DS: I think one of the things about Civil War history, because it’s so popular, is that a lot of people get their information from blogs now. They don’t have to pay for it. I’m still trying to figure out how to marry those two sources. But it’s not unheard of for me to read something on a blog and call someone and say, “Hey, could you fill that out a little for an article?”
A lot of people, I think, satiate their interest by going to blogs—and I think blogs are great—but blogs are unintentionally segregating because you can be really selective about the topics you read, so with some of them, you’re not getting a really rounded view.
Let’s say you’re into Confederate history. You can just choose to read Confederate blogs that just support your side or your view of slavery not being a cause of the war. Because of the way blogs are, you could just read that every day and not read anything else about the Civil War.
Whereas with a magazine, you might stumble across something that you normally wouldn’t be interested in but you’ll go ahead and read it because it’s right there in front of you. But with blogs, someone could get a real narrow, special-interest view of the conflict.
So I hope, I like to think, magazines still have a place, because what I try to do is bring a lot of different viewpoints into the magazine, a lot of different topics.
CM: I think it’s kind of ironic that you talk about it way—and I agree with you—when I think about the magazine business twenty years ago, and you went from those general interest magazines like Life and the Saturday Evening Post, and then suddenly you could get a magazine that was just for you if you raised reptiles in your home or if you loved knitting or something like that. So the special interest magazine rose up and allowed audiences to get specific with their interests.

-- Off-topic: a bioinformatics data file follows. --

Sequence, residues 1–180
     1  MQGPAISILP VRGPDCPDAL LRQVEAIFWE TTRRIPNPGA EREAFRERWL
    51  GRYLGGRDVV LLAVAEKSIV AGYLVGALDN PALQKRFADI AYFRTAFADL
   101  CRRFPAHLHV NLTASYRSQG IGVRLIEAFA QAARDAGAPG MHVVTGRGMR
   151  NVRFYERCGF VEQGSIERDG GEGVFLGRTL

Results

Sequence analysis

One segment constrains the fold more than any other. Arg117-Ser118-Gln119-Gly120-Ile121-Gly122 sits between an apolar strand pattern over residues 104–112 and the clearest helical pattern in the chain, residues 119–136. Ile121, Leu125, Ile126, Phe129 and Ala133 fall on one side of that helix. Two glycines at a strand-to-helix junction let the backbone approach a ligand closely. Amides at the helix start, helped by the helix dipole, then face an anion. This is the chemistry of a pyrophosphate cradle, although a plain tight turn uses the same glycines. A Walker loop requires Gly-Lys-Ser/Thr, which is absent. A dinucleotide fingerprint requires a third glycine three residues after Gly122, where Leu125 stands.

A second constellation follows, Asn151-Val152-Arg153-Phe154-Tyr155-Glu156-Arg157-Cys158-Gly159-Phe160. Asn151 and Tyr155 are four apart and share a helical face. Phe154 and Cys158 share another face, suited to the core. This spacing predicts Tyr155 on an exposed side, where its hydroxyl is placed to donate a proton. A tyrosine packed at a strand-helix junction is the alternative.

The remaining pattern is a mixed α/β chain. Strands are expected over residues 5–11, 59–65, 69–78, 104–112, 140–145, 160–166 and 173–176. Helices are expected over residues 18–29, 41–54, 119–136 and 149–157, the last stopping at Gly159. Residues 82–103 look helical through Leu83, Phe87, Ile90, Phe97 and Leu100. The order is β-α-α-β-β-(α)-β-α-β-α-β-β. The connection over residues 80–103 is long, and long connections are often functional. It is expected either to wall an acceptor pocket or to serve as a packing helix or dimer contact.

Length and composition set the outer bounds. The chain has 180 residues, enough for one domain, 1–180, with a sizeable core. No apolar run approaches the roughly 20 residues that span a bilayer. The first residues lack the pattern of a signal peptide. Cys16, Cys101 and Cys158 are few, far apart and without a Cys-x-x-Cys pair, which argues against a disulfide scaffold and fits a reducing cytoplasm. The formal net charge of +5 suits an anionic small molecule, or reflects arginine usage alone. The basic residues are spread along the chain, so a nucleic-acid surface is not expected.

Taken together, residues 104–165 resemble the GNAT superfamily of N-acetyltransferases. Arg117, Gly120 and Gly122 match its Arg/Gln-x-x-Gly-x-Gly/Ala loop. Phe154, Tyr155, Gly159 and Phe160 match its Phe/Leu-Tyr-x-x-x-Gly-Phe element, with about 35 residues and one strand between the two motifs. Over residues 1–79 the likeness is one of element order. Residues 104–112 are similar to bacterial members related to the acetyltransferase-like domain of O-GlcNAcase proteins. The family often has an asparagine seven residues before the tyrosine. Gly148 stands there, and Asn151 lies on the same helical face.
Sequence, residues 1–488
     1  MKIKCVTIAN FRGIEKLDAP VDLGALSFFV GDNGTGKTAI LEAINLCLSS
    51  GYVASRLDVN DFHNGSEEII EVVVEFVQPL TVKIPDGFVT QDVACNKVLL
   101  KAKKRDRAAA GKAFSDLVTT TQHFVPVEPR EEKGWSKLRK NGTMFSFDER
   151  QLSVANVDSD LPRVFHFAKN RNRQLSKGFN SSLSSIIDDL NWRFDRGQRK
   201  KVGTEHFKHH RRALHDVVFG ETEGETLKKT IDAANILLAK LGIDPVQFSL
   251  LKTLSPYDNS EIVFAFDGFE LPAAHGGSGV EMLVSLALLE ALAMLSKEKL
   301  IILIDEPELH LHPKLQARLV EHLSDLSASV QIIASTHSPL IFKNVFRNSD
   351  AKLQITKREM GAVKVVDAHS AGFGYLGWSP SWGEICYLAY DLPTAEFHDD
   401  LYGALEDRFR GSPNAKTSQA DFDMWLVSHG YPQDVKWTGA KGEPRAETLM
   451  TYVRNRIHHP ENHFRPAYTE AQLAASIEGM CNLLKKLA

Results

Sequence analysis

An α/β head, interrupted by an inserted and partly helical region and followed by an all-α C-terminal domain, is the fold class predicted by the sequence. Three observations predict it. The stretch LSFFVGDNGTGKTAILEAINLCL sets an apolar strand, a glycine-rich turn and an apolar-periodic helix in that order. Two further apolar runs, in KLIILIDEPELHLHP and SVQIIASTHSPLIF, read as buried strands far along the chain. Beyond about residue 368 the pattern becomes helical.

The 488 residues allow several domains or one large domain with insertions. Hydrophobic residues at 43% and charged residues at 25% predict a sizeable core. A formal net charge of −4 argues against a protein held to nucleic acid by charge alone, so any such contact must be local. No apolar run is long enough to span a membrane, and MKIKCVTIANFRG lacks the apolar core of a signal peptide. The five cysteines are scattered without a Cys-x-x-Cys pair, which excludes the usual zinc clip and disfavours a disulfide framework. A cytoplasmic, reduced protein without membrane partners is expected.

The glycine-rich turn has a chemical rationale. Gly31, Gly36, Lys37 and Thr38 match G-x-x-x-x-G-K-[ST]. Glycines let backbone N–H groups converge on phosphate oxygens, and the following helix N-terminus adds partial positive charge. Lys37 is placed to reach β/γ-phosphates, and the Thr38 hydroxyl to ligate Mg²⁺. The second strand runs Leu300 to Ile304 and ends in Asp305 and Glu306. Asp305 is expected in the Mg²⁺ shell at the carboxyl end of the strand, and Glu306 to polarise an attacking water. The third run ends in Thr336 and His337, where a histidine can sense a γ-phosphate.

DS: There is some irony because my magazine is very specific. People could say, “You should read a general American history magazine instead of the Civil War. They should lean about the broader pattern of history instead of just the Civil War.”
I think blogs are really effective when it comes to things like photographs. Like, there’s a lot of argument about where was this image taken. I see blogs as being effective like that because it’s a vehicle—you can zoom in and do all kinds of stuff.
CM: I think another value of a magazine is that you have some editorial oversight. On the internet, anybody can put up anything they want.
DS: Yeah. And sixty to seventy percent of the articles we get it, we have to clarify something. I have actually gotten book excerpts, and I’m reading the excerpt and thinking, “Well, that’s wrong.” And we correct it in the excerpt—some things that are incorrect or not clear or a bit misrepresented—but in the book it’s not corrected. With books, I’m not sure how that works all the time.
That doesn’t mean mistakes don’t creep in. What people don’t often realize because a magazine doesn’t look like a book: my magazine contains as many words as a lot of books. And we’re putting that magazine out in three and four weeks. Books take months. We have to edit and get that stuff turned around in three to four weeks. And they’re topics that are all over the place. So, because of that and the speed we have to work, things do sometimes slip by, unfortunately.
But in a larger sense, we have to make sure the things that are in that magazine and in those articles are credible and factually correct. It’s something I take very seriously.
CM: I guess that’s what will always make editors necessary, especially since digital technology has “democratized” history so much. So at least the future of Civil War history should have some jobs! (both laugh) Dana, thanks so much for taking some time to talk with me this week.
DS: My pleasure, Chris. Thanks for thinking of me.